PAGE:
This past weekend, Vonleh spent the Columbus Day weekend in New London, CT on the campus of Connecticut College. He was teamed with his high school teammate and close friend Zach Auguste, a Notre Dame commitment, on the Mass Rivals, as they competed in the BasketBull Columbus Day Challenge.

Noah Vonleh, Photo by Andrew Slater/BDN

On the opening night, Vonleh was hit with an unusually high amount of foul calls ( three in less than five minutes of playing time) against the smaller frontline of the Raritan Roundballers and Coach Vin Pastore was forced to sit his sophomore star more than he would have liked. Noah came out more focused in the second half. He scored all eight of his points from close range, rebounded the ball with ferocity (11 rebounds), and tied up the shorter, opposing three. In the nightcap (literally beginning at 10 PM), Vonleh used his combination of soft hands, tenacity, and 7’2″+ wingspan to dominate the glass and cause hesitation in low-post shooters. He finished with six blocked shots, four steals, and fourteen rebounds.

Between the games, Noah mentioned that he has been working consistently with Coach Hutchins on improving his ball-handling. Three times during the final game, Vonleh was able to grab a defensive rebound, navigate traffic and ultimately go coast-to-coast for a finger roll, twice getting fouled as he made the transition basket.

The following is a quick update from Noah Vonleh, New Hampton forward and Duke recruit:

How has the transition to New Hampton gone for you so far?

The transition’s been pretty good. It’s way different from high school. The classes are harder. You’ve got less kids in the classes. The teachers are very close to the students.
You live with some of them.
Yeah, exactly, dorm parents.

Right, what are the facilities like? Maybe touch on that.
Yeah, the gym is open. The area for lifting is open and the coaches are always there to help you.
[private]

That’s great for you, I remember that you said you worked out like crazy and now you have access all of the time.
Yeah, it’s great. We get to work out and work on lifting all of the time.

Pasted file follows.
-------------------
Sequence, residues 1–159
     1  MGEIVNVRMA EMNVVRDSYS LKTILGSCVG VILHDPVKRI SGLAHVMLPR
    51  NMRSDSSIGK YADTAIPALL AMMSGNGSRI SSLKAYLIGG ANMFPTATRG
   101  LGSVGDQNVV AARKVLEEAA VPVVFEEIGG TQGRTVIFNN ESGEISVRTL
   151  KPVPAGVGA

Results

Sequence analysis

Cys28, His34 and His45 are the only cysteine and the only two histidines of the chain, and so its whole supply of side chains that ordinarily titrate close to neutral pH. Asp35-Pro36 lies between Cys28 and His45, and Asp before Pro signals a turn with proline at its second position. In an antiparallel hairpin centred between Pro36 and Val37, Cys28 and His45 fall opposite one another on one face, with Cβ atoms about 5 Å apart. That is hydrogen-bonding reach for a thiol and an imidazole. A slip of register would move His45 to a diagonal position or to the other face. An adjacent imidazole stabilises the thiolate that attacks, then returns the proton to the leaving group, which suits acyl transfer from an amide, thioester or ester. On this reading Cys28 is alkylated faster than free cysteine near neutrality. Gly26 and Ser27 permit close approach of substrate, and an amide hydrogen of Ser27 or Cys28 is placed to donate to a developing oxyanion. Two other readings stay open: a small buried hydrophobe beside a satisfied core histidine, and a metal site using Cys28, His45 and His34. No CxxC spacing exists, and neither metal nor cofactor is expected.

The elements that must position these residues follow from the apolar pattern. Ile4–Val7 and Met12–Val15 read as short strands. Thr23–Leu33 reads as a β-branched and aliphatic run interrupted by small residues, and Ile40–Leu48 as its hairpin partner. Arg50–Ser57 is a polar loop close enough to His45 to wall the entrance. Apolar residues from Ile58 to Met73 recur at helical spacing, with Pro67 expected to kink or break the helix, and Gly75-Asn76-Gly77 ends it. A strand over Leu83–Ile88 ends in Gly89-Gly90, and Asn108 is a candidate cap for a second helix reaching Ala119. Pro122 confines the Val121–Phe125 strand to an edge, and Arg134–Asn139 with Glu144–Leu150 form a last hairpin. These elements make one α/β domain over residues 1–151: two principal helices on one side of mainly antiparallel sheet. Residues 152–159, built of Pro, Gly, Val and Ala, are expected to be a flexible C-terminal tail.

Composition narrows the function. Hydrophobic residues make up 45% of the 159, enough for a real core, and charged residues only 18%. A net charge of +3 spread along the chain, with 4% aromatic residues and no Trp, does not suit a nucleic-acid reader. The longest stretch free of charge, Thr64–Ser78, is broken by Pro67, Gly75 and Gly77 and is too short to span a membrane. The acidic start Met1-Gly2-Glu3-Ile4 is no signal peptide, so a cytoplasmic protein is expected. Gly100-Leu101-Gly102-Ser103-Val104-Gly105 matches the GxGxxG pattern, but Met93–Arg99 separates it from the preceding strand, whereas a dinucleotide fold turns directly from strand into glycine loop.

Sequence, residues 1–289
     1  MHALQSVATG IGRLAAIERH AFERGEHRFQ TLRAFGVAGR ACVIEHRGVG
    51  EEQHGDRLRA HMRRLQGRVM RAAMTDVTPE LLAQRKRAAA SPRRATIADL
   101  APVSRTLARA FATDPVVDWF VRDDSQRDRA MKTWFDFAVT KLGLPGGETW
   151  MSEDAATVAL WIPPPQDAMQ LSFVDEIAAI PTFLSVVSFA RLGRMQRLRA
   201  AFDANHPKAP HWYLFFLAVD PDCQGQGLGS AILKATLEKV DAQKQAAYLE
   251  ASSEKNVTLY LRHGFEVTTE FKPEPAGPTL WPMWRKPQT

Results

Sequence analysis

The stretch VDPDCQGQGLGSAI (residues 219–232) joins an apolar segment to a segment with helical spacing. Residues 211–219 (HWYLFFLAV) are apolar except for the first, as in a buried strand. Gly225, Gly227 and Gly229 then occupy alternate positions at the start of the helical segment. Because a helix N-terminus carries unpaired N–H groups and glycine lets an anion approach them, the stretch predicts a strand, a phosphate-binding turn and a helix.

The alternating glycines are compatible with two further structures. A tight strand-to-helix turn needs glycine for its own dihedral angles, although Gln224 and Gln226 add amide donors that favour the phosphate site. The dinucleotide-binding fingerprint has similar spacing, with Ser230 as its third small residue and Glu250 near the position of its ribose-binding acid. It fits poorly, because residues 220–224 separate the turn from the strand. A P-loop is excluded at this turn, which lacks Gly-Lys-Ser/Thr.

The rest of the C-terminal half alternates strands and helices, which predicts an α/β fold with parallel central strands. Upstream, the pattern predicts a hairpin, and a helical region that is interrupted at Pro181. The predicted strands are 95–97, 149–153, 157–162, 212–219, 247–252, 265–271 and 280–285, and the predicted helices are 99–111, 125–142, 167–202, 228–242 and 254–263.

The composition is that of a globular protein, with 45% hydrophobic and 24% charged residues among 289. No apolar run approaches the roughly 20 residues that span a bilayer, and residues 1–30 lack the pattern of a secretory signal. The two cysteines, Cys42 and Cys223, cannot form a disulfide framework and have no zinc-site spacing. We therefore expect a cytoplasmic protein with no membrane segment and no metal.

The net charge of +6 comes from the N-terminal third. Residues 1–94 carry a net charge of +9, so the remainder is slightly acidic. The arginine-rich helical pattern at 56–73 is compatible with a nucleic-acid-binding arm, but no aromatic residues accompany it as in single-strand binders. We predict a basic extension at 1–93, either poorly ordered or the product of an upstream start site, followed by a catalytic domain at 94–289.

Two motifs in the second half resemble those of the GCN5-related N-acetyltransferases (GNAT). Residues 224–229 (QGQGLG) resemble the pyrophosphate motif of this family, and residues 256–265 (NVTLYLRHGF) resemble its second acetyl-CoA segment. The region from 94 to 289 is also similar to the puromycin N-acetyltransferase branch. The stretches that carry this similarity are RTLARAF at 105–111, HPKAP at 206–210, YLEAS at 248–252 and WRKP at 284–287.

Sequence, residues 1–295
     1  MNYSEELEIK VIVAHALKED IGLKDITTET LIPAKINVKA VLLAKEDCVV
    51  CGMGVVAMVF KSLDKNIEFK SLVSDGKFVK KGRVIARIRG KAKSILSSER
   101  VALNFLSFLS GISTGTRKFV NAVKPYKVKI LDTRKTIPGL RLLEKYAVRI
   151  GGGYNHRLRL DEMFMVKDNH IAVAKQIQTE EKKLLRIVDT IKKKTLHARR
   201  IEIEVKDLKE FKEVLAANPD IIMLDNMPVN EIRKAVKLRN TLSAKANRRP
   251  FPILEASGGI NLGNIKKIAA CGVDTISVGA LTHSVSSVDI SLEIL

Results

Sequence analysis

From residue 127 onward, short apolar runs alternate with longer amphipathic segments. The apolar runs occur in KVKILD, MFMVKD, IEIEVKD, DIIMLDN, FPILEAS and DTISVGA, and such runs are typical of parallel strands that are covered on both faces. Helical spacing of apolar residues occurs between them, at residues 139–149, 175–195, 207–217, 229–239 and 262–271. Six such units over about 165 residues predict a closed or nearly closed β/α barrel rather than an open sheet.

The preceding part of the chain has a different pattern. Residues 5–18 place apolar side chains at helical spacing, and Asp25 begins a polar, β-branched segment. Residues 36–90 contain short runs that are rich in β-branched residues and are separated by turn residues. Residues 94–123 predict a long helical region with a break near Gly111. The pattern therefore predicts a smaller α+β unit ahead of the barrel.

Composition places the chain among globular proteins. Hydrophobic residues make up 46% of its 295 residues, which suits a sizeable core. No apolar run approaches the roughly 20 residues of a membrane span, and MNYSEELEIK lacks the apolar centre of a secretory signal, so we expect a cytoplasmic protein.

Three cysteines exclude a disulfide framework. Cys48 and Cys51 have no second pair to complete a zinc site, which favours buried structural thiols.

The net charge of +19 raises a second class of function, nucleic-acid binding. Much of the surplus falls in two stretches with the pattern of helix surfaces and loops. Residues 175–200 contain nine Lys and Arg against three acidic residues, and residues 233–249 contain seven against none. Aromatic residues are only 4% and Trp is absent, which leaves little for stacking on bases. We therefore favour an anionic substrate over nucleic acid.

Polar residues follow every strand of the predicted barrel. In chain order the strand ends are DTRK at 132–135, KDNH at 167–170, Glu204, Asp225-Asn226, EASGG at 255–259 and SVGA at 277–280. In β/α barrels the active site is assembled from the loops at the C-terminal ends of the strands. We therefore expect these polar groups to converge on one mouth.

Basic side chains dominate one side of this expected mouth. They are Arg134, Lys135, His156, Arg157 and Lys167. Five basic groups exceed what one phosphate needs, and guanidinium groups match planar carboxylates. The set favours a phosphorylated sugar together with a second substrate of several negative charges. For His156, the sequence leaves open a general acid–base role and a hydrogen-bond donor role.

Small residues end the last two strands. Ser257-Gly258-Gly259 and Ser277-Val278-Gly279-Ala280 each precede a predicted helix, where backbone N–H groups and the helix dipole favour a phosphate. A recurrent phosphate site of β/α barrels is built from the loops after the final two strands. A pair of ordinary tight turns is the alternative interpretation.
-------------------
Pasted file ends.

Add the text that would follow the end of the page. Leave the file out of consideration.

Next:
Has you body changed at all or not really?
Not yet, but it will be by the time I’m done.
I guarantee it will be.
Yeah, we’re lifting all the time.

How has your training changed? Have you done things differently in terms of things you want to work on?
In terms of training, I’ve been doing different ball-handling drills.
Yeah, I saw you working on that before this game.
Yeah.
Is that so you can play more on the perimeter?
Yeah.

Can you talk about the open gym experience? I’m sure plenty of coaches came to see you. What was that like?
It was great. We had Roy Williams, we had all types of coaches, we had Duke, North Carolina, Syracuse, other schools. A lot of different schools.

Was that a major difference in terms of the open gym this year versus last year or, rather, last year to this year?
Yeah, last year, we didn’t really have any.
So, that’s great for you.
Yeah, it was a great experience.

What were some of the schools that came?
Duke, North Carolina, Kansas, Syracuse, and Georgetown.

How has role and position changed from last year to this year ?
It was different last year because I was the tallest guy and they were focused on trying to stop me and so you had to fight for position. That’s why I did most of the ball-handling, too. I’d be at the top of the key and teams would be able to set up their defense and they could focus on me, but now they can’t do that.
With Zach (Auguste)
Yeah, there are so many guys that they can’t key on me or any one of us.
Oh, that’s gotta be great and it’ll be a good experience for in college.

What’s it like living with Zach?
Oh, it’s been cool. He’s been showing me around. We go everywhere together.
Have you guys been driving each other in practice?
Yeah, we’ve been pushing each other.

Have you taken any visits since August? Do you have any plans?

No, I haven’t, but I think I’m going to go out to Arizona in a few weeks with Coach Hutchins.

Oh, okay. Are you going to any midnight madness? I know some people go to those.